Bills aimed at preventing drug overdose deaths move forward in Pennsylvania Legislature

Several bills targeting the opioid crisis and drug overdoses took steps toward becoming law as they moved out of committees in Harrisburg.

The Pennsylvania State Senate Judiciary Committee moved a bill from Delaware County Republican Chris Quinn that expands good Samaritan protections beyond the anti-overdose medication naloxone, as he points out there are more effective overdose reversal drugs on the horizon.

While naloxone, or Narcan, has saved so many lives, “it doesn’t go far enough,” said Quinn.

“It typically lasts approximately four hours in someone’s system. And there are newer medications that are being considered by the FDA.”

Quinn’s bill changes the word “naloxone” in current law to the more general “opioid antagonists,” which he says would make sure Pennsylvania is positioned for widespread use of new medications as soon as they get FDA approval.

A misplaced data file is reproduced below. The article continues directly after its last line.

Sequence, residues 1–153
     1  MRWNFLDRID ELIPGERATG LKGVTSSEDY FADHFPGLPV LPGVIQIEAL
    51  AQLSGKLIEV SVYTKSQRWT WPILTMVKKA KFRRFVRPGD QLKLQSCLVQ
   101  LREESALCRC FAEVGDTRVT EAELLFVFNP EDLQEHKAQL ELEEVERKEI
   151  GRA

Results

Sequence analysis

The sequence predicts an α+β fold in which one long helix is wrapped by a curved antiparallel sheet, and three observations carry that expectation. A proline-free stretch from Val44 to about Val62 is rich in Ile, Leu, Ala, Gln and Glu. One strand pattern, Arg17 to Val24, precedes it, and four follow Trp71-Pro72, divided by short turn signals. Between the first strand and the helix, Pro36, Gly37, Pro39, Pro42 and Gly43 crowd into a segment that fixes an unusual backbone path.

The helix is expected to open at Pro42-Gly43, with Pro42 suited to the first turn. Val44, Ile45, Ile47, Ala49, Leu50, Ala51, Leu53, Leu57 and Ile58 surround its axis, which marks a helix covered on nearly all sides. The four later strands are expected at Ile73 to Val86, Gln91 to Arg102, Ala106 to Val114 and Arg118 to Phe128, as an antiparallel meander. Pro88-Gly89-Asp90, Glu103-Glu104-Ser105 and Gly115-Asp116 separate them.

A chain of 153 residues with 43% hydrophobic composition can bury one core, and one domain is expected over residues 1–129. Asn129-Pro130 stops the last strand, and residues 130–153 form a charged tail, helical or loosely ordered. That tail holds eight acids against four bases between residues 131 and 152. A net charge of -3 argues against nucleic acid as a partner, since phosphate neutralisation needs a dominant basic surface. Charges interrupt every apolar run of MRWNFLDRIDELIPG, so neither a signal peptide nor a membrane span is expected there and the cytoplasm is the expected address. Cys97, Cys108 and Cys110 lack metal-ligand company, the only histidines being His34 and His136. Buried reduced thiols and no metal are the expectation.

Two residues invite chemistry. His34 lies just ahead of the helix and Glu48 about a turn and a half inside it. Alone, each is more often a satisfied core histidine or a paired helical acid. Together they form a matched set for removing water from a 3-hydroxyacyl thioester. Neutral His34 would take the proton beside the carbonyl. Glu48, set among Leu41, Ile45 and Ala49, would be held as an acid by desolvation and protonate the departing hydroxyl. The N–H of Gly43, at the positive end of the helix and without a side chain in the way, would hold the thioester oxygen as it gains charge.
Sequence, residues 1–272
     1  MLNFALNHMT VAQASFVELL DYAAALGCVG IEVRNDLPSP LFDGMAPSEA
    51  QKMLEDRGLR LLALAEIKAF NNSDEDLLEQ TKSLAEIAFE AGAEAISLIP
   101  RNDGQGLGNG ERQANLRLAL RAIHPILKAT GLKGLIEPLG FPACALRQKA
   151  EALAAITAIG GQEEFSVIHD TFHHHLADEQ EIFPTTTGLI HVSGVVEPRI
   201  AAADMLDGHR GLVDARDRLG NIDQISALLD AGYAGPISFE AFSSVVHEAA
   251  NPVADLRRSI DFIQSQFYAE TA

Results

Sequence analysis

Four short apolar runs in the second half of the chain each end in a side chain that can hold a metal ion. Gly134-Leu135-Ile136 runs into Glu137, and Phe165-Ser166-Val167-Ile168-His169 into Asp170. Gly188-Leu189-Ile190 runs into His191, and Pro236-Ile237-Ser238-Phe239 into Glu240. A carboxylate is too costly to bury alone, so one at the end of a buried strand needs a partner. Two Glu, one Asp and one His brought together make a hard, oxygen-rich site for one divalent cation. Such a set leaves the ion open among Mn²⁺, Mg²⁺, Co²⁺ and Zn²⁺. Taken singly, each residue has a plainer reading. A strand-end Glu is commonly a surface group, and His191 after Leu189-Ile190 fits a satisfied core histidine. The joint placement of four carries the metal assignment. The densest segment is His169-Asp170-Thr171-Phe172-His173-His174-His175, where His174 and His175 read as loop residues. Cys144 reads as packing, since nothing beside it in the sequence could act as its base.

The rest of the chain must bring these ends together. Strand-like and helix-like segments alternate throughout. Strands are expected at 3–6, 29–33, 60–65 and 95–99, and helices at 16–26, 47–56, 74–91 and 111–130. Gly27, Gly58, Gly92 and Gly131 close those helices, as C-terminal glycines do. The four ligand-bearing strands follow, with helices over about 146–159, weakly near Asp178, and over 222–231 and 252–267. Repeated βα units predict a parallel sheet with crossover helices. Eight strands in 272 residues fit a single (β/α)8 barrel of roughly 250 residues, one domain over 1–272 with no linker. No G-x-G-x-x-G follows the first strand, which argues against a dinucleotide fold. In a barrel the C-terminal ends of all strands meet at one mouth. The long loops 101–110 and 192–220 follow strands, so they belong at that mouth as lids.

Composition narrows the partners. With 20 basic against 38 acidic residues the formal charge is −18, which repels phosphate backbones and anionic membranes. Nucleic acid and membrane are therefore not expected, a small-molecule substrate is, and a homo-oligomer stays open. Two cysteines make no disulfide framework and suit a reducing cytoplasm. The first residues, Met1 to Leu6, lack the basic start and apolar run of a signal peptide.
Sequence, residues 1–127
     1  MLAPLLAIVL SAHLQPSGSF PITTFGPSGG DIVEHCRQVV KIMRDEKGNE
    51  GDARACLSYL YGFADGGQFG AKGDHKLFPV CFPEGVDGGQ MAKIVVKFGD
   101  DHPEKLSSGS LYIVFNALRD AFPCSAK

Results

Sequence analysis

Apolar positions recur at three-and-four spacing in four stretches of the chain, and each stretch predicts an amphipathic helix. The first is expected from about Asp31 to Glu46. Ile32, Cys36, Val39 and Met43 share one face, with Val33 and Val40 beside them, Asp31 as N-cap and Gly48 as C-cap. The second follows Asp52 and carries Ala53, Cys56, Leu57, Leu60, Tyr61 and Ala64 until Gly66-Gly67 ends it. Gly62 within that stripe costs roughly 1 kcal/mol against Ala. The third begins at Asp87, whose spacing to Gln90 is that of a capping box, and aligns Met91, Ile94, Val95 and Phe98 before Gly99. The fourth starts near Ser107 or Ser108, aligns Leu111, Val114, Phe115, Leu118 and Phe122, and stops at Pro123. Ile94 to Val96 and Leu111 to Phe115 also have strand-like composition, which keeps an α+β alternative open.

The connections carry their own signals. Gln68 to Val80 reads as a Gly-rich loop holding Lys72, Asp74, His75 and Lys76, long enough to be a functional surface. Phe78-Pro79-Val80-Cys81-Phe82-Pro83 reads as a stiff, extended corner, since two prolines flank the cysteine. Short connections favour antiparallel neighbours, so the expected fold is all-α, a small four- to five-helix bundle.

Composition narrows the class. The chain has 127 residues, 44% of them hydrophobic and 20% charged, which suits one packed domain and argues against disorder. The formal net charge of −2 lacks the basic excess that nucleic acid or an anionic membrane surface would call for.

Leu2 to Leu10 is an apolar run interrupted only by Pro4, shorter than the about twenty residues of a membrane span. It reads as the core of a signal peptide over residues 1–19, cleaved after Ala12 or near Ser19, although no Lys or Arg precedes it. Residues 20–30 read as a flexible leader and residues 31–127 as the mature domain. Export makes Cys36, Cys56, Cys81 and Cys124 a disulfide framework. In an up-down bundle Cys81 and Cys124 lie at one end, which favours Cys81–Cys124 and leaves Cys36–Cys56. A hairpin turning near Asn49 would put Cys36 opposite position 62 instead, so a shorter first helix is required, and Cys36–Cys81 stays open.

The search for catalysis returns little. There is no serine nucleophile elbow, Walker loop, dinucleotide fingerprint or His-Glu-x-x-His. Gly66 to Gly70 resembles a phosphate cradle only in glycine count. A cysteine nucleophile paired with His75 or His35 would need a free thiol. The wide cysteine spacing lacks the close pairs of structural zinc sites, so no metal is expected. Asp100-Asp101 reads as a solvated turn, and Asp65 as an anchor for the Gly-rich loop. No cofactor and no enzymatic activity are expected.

The committee also moved a bill that would legalize fentanyl test strips, so people dealing with addiction can protect themselves from unknowingly ingesting the more powerful opioid.

Under current law, the test strips are classified as paraphernalia. The bill’s sponsor, Republican Jim Struzzi from Indiana County, said 88% of opioid overdose deaths in Pennsylvania involve fentanyl.

“They oftentimes don’t even know that fentanyl was present. So this simply takes something that can be used to test to see if fentanyl was present,” Struzzi said. “You can buy them on Amazon right now. But if you were to buy them, you will be breaking the law.”

Both bills passed the House in June and moved to the full Senate.

The House Judiciary Committee moved a bill from Republican Sen. Doug Mastriano that would require reporting of all overdoses. That bill passed the Senate in June and now heads to the full House for consideration.

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